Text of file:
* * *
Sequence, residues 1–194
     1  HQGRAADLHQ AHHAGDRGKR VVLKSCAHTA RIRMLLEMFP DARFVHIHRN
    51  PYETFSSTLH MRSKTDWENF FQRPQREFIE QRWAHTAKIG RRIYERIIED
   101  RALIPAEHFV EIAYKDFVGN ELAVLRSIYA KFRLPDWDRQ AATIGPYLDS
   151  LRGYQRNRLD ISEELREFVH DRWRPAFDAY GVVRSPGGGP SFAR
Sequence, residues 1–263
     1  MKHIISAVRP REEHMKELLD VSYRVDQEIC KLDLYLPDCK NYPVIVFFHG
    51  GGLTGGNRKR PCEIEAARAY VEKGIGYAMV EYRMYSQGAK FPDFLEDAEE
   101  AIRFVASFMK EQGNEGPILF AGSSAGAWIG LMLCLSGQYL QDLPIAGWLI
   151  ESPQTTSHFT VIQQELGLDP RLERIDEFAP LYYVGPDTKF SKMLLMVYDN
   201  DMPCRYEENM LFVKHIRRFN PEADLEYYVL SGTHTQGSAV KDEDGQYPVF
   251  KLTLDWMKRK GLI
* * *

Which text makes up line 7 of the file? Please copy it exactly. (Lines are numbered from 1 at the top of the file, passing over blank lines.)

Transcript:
     1  MKHIISAVRP REEHMKELLD VSYRVDQEIC KLDLYLPDCK NYPVIVFFHG